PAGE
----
Urban Wild – artist statement about recent works

 

I aspire to give viewers a sense of flight, an inner high with overview of land, and raise their inner (environmental) awareness. I also wish to impact viewers with real plants inhabiting the traditional wall art format. The plants clash with fabricated forms, and resonate with rich textures and colors, in dynamically balanced compositions. In this way, I want the take the audience on a journey trough changing landscapes in which wild natural and man made environments strive to reclaim one another.

My works can be seen as environmental wall art installations, incorporating vertical gardens with live and preserved plants. Yet they come to life as paintings and they pay equal tribute to the institution of painting and wall relief. Thematically, my work explores environmental topics and the relationship between water, vegetation and architecture in the face of climate change. My sources include environmental maps, Arte Povera, and the contemporary architecture and design. While drawing from these sources, I create a formal painterly balance in-between abstraction and representation. In this way, I create a vision of ecological balance between the natural and the man made world. Through reenacting environmental forces in pictorial space I seek to embody a sense of ‘ecological self’.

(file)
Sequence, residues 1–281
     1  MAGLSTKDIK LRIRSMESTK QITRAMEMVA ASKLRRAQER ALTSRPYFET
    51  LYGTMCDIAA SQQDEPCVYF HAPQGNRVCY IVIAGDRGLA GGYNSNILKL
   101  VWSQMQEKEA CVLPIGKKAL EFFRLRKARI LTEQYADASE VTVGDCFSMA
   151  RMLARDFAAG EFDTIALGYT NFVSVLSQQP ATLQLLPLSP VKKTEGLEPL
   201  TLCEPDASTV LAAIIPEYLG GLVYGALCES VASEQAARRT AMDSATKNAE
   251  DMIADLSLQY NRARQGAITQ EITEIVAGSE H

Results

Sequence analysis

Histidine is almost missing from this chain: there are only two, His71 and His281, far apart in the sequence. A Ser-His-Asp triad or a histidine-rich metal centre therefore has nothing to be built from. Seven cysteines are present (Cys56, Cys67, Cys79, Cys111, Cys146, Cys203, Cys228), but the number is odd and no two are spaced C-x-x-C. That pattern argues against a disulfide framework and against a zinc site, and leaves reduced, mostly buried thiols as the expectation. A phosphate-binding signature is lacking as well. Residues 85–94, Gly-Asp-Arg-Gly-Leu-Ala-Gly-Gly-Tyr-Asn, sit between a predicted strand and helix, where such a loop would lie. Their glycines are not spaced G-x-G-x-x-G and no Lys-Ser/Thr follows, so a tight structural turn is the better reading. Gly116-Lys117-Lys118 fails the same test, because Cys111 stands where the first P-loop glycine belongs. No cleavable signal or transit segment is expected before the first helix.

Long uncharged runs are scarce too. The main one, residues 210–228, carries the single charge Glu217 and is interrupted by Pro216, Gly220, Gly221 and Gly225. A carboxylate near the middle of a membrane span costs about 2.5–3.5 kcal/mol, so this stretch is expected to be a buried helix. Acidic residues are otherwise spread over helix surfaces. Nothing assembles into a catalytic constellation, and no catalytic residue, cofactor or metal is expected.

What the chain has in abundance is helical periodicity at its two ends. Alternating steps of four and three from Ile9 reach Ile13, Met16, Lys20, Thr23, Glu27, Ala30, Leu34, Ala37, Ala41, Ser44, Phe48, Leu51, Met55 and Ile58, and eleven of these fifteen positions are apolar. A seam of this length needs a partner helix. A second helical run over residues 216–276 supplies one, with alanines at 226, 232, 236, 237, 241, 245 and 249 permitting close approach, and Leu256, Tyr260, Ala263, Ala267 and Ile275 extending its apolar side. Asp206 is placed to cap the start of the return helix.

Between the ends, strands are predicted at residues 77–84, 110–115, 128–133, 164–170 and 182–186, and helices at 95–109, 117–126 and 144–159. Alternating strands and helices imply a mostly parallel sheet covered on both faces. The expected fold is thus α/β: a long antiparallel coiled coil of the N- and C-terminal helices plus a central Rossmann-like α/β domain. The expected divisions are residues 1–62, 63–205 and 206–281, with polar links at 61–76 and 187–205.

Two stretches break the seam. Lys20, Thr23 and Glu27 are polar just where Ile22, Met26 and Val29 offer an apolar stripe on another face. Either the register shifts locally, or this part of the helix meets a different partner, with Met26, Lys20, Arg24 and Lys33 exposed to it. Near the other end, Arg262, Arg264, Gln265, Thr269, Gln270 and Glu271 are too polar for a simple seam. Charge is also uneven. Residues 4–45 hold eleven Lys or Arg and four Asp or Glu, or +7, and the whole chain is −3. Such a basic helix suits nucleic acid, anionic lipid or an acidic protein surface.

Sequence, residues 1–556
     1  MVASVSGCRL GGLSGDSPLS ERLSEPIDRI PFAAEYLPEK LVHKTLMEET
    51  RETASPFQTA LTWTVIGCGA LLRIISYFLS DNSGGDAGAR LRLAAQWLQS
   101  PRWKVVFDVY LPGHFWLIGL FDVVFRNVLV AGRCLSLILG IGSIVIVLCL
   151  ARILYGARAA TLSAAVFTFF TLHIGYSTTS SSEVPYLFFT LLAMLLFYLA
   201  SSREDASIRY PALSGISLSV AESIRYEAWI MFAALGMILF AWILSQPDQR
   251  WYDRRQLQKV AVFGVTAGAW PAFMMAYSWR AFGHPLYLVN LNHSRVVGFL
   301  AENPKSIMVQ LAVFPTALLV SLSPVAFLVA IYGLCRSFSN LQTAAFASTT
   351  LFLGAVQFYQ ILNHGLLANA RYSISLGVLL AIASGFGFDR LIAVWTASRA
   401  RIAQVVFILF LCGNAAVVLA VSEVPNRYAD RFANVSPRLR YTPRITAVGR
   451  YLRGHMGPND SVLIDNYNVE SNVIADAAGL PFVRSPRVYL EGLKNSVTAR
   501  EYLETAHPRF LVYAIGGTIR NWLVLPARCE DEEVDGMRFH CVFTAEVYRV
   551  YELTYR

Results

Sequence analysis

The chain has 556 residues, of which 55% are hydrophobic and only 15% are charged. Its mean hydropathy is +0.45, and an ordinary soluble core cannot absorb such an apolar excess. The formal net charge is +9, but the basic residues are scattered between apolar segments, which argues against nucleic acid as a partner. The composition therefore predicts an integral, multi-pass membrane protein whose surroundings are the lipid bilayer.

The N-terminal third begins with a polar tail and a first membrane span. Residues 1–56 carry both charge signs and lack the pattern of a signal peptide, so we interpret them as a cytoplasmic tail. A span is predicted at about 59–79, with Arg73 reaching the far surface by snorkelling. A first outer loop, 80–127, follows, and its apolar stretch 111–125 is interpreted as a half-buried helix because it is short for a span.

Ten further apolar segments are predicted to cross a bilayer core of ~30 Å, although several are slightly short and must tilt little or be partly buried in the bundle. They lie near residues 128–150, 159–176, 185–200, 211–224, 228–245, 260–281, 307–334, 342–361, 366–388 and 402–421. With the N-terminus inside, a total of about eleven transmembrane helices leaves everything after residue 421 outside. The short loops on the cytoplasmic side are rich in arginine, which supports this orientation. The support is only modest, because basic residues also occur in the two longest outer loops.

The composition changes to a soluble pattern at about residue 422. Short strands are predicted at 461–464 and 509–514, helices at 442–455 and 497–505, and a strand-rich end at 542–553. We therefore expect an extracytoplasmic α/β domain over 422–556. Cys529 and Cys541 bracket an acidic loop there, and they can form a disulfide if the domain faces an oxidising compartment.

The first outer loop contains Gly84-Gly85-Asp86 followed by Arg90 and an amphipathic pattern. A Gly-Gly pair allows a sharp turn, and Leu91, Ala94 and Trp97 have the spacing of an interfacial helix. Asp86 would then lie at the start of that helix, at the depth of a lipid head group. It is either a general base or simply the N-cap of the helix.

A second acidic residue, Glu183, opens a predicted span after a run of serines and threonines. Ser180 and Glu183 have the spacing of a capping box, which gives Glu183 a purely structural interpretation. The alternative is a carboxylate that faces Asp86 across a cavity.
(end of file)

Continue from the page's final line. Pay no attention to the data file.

My art can be interactive with the audience as the audience is invited to participate in shaping the planted areas. As opposed to capturing a single moment, my works with live plants encompass a full span of growth and change, through metamorphosis of live plants and through human interaction.

My artworks with preserved plants explore natural environments in the context (and future) of natural history.

Some artworks are a mix containing the living greens and the plant taxidermy, with an open-ended outlook.

My freestanding sculptural tables merge my artistic vision with furniture design.

 

Ivan Stojakovic

 

 

 

Retrospective Statement:

Since 2001, my art has been an exploration of the relationship between the natural and the fabricated world on shifting scales: the subatomic, the microscopic, the environmental and the global scale. The results have been mostly abstract but sometimes representational. While drawing references from natural and fabricated systems, my approach to forming images has been expressionistic and primal. This approach has allowed me to introduce a tactile, colorful and emotional – ‘ecological self’ into the complex equations of environmental balance.

Ivan Stojakovic